4. Cultural Funding Guide - . Searchable online 
funding directory developed by Creative New Zealand, National Services Te Paerangi (Te 
Papa) and the Ministry for Culture and Heritage with the Funding Information Service. 

5. Sport and Recreation New Zealand (SPARC) Directory of Potential Funding 
Sources - 
Start-search-from-beginning/ . Searchable online directory of potential sports and 
recreational funding sources. 

6. ComVoices Communications Toolkit - 
resources . The 'Understanding Sponsorship' section examines some of the basic 
rules for seeking and securing sponsorship, as well as some tools that can help you to 
improve your approach. 

7. Philanthropy New Zealand - . Though primarily for 
organisations that give money, it contains some useful information and publications for 
groups receiving that money. 

8. Foresee Communications - Products and Publications - 
fundraising-sponsorship-publications.php . A wealth of material on fundraising and 
sponsorship, including two monthly publications, regular e-newsletters, a sponsorship 
book and various resource kits. 

9. Community Connect's Funding - Where to start and what to know 

- php?page=Funding+- 
+Where+to+Start+and+What+to+Know . Advice and practical tips on fundraising and 
applying for funding. 

10. Exult Ltd - . Organisation that specialises in guides, resources 
and training to help groups with their financial sustainability. 

1 1 . FundraiseOnline - . Free online donation service that 
enables groups to build their own personal fundraising webpage, complete with secure 
credit card donation processing facilities. 

12. Fundraising Directory of New Zealand - 
Directory of fundraising products and service suppliers to help with sourcing and 
conducting fundraising. 

13. Fundraising Ideas NZ - . A to Z of do-it- 
yourself fundraising ideas. 

14. Our Community - Community Funding Centre (AUS) - http://www.ourcommunity. . Free help sheets, services, newsletters, books and 
training to help community groups improve their fundraising abilities. 

15. Free Management Library - Nonprofit Fundraising and Grantwriting (USA) - http:// . Resources to ensure a strong 
fundraising plan and program for non-profit organisations.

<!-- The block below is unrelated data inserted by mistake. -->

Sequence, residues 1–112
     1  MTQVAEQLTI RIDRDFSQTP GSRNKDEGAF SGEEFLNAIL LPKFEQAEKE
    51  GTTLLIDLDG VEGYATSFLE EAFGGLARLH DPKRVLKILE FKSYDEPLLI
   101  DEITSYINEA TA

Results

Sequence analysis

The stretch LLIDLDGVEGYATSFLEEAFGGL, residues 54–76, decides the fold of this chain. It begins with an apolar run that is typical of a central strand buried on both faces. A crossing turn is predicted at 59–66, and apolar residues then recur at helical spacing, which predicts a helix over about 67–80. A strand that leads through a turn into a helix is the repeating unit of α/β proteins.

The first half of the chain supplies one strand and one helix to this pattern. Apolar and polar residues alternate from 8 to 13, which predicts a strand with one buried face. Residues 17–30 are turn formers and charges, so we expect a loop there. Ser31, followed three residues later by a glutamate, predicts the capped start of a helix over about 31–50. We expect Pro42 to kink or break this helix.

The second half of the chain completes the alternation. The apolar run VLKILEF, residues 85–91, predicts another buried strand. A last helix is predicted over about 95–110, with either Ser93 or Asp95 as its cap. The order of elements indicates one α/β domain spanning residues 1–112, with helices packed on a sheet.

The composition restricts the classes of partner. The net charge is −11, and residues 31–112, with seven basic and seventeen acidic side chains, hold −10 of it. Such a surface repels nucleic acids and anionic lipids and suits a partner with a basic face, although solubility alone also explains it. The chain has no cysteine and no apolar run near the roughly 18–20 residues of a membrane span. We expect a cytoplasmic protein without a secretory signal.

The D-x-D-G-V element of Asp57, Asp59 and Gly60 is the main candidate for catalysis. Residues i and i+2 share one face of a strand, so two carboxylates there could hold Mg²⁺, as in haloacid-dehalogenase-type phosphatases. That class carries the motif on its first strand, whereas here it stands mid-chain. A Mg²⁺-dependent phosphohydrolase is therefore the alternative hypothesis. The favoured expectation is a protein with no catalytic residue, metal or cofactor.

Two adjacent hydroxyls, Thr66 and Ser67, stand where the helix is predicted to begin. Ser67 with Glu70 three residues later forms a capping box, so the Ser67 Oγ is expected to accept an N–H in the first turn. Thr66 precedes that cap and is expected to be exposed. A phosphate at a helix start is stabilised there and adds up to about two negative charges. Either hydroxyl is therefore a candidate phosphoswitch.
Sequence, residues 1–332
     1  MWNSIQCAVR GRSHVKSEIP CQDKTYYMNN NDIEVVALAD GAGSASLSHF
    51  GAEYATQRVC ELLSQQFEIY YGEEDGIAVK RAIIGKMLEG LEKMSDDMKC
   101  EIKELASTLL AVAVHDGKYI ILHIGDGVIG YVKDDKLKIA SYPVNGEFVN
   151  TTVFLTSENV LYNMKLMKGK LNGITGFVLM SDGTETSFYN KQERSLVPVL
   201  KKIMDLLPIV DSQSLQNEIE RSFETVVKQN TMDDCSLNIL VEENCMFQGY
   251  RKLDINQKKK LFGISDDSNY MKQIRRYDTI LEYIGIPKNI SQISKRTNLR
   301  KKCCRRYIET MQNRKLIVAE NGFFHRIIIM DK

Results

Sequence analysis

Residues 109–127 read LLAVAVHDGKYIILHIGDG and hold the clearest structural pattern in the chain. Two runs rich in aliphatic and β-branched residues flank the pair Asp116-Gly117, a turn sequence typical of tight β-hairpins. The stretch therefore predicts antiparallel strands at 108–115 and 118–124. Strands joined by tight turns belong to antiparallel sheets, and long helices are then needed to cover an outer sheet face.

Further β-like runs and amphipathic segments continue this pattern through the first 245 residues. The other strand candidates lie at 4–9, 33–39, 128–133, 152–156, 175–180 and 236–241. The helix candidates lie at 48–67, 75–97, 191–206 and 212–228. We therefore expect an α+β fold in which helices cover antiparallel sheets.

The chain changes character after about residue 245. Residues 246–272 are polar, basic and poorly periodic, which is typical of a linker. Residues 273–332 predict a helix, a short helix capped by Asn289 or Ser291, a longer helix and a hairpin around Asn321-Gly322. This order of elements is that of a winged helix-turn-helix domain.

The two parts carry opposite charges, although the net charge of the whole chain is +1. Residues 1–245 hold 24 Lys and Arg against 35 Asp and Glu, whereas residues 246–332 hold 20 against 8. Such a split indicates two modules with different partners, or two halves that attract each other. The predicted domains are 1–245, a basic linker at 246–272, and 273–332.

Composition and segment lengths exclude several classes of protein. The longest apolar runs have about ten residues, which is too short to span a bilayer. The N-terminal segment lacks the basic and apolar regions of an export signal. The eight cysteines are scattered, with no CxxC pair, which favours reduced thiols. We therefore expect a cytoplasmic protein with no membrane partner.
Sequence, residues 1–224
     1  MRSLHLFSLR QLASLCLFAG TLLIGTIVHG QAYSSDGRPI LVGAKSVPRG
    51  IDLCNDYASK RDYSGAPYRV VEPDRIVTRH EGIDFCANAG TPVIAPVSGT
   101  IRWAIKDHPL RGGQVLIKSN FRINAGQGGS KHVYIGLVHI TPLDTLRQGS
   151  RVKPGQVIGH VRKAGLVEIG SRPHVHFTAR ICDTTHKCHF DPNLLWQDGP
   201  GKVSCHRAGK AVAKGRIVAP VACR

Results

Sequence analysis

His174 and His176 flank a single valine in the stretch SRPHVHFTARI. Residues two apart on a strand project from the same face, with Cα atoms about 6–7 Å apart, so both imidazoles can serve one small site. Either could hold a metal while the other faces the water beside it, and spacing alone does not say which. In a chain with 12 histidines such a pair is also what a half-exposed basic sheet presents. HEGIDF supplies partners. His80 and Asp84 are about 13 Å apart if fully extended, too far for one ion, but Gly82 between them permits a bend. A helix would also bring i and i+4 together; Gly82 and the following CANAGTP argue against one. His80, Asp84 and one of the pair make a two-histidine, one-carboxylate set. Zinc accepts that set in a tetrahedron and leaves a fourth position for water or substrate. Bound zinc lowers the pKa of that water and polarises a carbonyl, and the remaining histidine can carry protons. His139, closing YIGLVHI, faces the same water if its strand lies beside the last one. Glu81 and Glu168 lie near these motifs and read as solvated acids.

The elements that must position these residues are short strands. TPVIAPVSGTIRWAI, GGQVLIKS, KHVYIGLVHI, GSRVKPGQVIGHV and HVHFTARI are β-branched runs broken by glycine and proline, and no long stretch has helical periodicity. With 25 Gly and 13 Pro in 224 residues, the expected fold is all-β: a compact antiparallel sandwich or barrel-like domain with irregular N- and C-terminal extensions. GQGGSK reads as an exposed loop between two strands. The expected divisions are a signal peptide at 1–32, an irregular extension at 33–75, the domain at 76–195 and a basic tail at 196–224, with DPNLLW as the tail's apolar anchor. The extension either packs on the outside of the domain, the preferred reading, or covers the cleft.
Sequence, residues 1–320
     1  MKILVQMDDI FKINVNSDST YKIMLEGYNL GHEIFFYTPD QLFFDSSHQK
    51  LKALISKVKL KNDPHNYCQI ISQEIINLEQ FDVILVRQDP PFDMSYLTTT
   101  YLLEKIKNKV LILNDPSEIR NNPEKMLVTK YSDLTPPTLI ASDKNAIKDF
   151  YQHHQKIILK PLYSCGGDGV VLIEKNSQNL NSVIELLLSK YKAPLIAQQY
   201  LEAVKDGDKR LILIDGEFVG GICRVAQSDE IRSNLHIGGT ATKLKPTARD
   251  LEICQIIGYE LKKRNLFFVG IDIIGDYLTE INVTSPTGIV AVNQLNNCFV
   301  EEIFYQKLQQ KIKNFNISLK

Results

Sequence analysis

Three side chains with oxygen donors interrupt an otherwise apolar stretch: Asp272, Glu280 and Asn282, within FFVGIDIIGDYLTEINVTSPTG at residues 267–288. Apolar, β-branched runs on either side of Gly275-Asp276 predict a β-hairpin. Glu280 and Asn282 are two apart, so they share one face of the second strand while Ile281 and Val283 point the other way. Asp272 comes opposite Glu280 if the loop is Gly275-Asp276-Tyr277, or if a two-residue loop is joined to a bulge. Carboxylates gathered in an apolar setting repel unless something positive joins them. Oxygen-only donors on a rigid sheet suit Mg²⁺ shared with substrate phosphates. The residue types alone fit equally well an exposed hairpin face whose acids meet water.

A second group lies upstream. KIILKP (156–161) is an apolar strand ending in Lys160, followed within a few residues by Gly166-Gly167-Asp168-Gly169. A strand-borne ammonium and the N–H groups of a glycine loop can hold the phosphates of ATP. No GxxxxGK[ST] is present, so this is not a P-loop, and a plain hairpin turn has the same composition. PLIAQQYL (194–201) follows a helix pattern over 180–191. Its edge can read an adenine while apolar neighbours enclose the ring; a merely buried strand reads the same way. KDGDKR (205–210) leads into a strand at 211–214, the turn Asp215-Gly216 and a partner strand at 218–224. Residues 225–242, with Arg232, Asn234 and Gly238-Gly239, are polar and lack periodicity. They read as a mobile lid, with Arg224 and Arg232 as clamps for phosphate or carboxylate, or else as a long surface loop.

1 6. 0/online-is-the- 
way-forward-for-fundraising/ . 

Community Resource Kit Section 9: Raising funds 1 1 

Other resources 

1 . North Shore Community and Social Services' Community Resources: 

• Demonstrating Your Success to Win Funding 

A guide that focuses on being able to show funders that you are effective and 
therefore worth funding. It offers tools and thoughts about relationships with your 
funders, how to demonstrate that your service is effective, how to show that you 
deliver value for money and how you can use this evidence as a marketing tool to 
build a stronger case for funding. 

• A Guide to: Developing a Fund raising Strategy 

Looks at basic principles of fundraising and developing a fundraising strategy. 
Covers grants, sponsorship, special events, donor development and organisational 
activities to support fundraising. 

• Preparing Funding Applications 

A step-by-step guide to preparing funding applications using a team approach. 
It includes: getting started, planning and costing your project, gathering the 
information, FAQs, understanding funders' requirements. 

• Auckland Regional Funding Directory 

For more information, visit: . 

2. Managing Your Voluntary Agency in New Zealand: A Handbook - See Chapter Six: 
Managing Finances and Raising Funds. New Zealand Federation of Voluntary Welfare 

3. The Seriously Good Guide to Fundraising. Practical ideas and advice for community 
groups wanting to raise funds. Visit: http://www. exult. . 

4. The Grantseekers Guide - Trust Waikato. An easy-to-use reference booklet for people 
seeking funding. Visit: . 

5. Fundraising For Social Change, Kim Klein. A how-to guide to establishing, maintaining 
and expanding a successful community-based fundraising programme. 

6. Seizing the Moment II: Turning Community Ideas into Action. http://www.nzfvwo. 
fundraising/ . 

7. Fundraising Basics, Ciconte & Jacob. 

Community Resource Kit Section 9: Raising funds 12